The RTF ended its year with a bang, dedicating most December’s meeting to understanding and improving Air Source Heat Pump measures. The group spent the remaining meeting time getting an update on Commissioning, Controls and Sizing, a measure that will be discussed early this year, and considering the second batch of potential measures to develop in 2020. The end of 2019 means this RTF class is a third of the way through their tenure as members. We’ve appreciated their passion and engagement and are looking forward to their continued work and growth. If you weren’t able to make the final meeting of the year, here’s what you missed.
The meeting began with a discussion of Commissioning, Controls and Sizing for SF and MH. Staff presented the topic, without the intent of landing a decision, to update the group on progress and to get RTF guidance on future direction of the measure. The discussion focused on recent BPA research around installation practices as well as the importance of controls and sizing for heat pump savings, especially in colder climates. Contract analysts intend to call on subcommittee member expertise as they continue to develop this measure update.
The RTF spent much of the meeting landing updates to the Single Family and Manufactured Homes ASHP Upgrades and Conversions Measures. For the conversion measure, the specification is converting from an electric FAF to an 8.5 HSPF heat pump. While the upgrade measure specifies upgrading from an 8.5 HSPF heat pump to either a 9.0 HSPF heat pump or a variable capacity heat pump. These measures are additive so a program can use both the conversion and the upgrade measure if the goal is, for example, conversion from an electric FAF to a 9.0 HSPF. Several changes to the proposed updates were made at the RTF meeting itself, so final savings, costs, or cost-effectiveness estimates are not yet ready to share. For ASHP Conversions the RTF opted to develop only an “any insulation” measure and to remove measure identifiers for good, fair and poor insulation. The group determined that savings are to be based on weighted average results from evaluations and savings and costs will be estimated for two saving periods using an RUL approach. For ASHP Upgrades they did something similar, opting to develop an “any insulation” measure for upgrades as well, while savings are to be based on calibrated SEEM runs.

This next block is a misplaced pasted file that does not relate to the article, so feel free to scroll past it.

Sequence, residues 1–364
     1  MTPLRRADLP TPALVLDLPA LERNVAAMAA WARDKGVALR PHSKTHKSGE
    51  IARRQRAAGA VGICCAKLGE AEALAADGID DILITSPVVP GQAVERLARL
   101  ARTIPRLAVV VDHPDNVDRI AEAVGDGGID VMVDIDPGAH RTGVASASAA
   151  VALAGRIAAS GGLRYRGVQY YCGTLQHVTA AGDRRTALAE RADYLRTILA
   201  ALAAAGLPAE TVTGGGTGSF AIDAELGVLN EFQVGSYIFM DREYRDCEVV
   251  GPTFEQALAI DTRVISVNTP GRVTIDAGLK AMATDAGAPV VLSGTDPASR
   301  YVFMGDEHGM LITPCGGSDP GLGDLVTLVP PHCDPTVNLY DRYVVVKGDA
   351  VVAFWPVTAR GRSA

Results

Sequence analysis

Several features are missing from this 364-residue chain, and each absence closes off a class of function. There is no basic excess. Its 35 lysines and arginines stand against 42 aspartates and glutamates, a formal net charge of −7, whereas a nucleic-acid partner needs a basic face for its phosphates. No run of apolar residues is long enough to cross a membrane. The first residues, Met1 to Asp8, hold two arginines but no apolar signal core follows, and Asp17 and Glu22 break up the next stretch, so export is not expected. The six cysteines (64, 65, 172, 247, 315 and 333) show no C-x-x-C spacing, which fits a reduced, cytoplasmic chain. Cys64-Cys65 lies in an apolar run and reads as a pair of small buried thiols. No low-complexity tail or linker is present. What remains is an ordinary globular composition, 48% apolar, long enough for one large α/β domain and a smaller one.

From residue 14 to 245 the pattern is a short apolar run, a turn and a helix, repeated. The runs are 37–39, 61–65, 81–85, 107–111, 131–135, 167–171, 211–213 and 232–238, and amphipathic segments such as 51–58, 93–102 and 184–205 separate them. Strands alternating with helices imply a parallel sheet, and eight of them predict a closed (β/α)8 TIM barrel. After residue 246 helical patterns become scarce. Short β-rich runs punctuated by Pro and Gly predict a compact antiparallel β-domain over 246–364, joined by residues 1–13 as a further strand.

The group then snuck in some sunset date extensions, mostly concerning weatherization, and the much-anticipated efficient pumps measure. Then closed out the meeting with another vote on which new measure proposals to allocate resources towards developing, part two of a decision made at the November meeting.
2020 is shaping up to be an exciting year already. Coming up in January the RTF will consider a number of new measures including a Commercial and Industrial Efficient Fans UES, a Residential High Efficiency Air Conditioning measure, a generator engine block heater UES measure, and will be continuing the discussion around CC&S. We hope to see you there!